BURNETT: I got blood all over me. I hope this guy ain't got effing AIDS. Lee, it took two years for this video to come out.

LEE MERRITT, ATTORNEY FOR RONALD GREENE FAMILY: You're listening to the Louisiana State Police's response to this video now being out in the public and their only concern is the so-called integrity of their investigation. Their investigation is over. It took a year for the investigation to actually begin and that was only after the family began to question the lie that was told to them that their brother died in a car accident. But they obviously have no vested interest in doing justice and holding police officers accountable and they should be embarrassed. This is a national embarrassment that these officers were so ruthless and violent and unaccountable, but their only concerned to date seems to be who leaked the video.

BURNETT: I mean, Dinelle, the investigation that Lee refers to that they did, one officer was suspended for 50 hours. Another is on administrative leave, actually, for a separate case involving use of force on a black man that happened after your brother's death. So that's how all this has gone from here. What do you think is the right thing to happen now, Dinelle?

HARDIN: They need to do what's right. And sometimes, doing what's right just - they need to do what's right and give us justice. Give us the transparency that we deserve. They need to just do what's right. I mean, we've gone way too long and now is the time. Gov. Edwards, Jeff Landry, who is the Attorney General they have been protecting their man on duty. And it's clear that they're not out there protecting and serving the community the way that they should.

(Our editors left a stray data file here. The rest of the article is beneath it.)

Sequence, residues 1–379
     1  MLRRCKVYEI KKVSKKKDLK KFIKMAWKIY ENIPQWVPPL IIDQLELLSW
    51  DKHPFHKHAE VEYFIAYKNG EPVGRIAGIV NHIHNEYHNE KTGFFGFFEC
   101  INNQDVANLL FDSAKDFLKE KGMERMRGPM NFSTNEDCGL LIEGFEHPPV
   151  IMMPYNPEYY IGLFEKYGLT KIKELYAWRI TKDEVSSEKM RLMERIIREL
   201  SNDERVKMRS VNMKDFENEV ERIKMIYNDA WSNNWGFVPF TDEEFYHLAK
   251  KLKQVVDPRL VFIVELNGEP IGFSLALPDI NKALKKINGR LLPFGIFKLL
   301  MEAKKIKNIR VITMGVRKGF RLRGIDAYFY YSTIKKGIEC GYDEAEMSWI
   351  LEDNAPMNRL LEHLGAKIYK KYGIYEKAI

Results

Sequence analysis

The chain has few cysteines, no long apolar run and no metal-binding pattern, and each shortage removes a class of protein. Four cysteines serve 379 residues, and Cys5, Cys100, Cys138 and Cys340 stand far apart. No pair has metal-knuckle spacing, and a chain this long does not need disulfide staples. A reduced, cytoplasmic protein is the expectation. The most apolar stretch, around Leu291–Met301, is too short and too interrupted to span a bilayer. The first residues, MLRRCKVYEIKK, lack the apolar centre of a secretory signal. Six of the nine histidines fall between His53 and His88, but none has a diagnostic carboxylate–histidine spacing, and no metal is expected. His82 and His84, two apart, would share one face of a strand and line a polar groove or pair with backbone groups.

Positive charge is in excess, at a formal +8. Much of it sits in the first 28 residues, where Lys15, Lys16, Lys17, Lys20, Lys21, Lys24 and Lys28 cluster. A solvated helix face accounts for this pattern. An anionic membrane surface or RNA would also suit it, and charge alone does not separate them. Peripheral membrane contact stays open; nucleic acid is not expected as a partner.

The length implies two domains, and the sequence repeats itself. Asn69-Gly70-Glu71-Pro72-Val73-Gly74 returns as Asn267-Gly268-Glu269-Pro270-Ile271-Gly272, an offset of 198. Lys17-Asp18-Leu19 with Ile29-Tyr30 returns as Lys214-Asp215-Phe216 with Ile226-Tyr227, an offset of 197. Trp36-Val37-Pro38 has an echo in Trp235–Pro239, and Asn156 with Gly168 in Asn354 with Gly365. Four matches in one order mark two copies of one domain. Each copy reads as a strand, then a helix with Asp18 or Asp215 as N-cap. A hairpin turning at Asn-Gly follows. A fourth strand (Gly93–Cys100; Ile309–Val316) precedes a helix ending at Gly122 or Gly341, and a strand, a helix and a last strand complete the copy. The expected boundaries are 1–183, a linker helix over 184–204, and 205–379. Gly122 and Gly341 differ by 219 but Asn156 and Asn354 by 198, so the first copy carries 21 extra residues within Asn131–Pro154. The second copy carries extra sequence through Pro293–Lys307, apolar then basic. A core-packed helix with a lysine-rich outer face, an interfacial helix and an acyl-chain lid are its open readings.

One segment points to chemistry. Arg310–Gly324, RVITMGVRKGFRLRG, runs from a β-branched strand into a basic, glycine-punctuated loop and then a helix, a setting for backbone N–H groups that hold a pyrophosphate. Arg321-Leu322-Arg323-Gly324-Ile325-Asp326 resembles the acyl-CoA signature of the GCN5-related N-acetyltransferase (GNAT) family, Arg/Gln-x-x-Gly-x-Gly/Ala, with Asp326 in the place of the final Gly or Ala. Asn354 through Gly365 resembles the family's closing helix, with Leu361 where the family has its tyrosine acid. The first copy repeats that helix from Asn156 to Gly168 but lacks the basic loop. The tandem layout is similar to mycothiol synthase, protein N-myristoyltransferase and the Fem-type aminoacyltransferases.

BURNETT: Lee, is there anything - I mean, they are worried about who leaked the video and they're saying, oh, you're only you seeing this moment, you're not seeing before the horrific abuse and you're not seeing after. Is there any before or any after that would change what happened here?

MERRITT: There's nothing that there is going to be shown and we've watched the video in its entirety. There is a pursuit. Ronald Greene did not pull over immediately.


Once he did finally pull over and he surrendered, he said, I'm sorry, I'm scared. When we listen to the video in its entirety, you'll find that he said that over a dozen times.


MERRITT: Sorry. I'm scared. As they viciously continue to beat him. And so what must happen next is Jeff Landry needs to appoint a special prosecutor because in Union Parish District Attorney (ph) who's responsible for prosecuting this case defer to the federal authorities. We've learned from the Derek Chauvin trial that there can be both a state and a federal trial. We've also learned that in Ahmaud Arbery's case.

And so just because the Feds have come in and we're thankful for the federal investigation, does not absolve the State of Louisiana for upholding the constitutional rights of their citizens.

BURNETT: A dozen times. I'm scared. I'm your brother. I mean, Dinelle, your brother was battling cancer, had just entered remission shortly before his death. And on the night of his death, I understand that he was traveling to Florida from Louisiana to reunite with his wife. Can you tell us more about him? Can you sort of bring him to life for us?

HARDIN: My brother, he was like my hero. He was brave. He showed me over the years that he can do anything. Anything that he said is mine too, including beating cancer. My brother, he stopped doing chemotherapy. That's how strong he was. That's how brave he was.

And to see him in a helpless, a helpless condition where he couldn't even help himself that really tears me apart. I can't believe that I couldn't be there for him. My brother, if he couldn't call my mom, guess what, he would always call me. He know. He always knew that I will be there for him.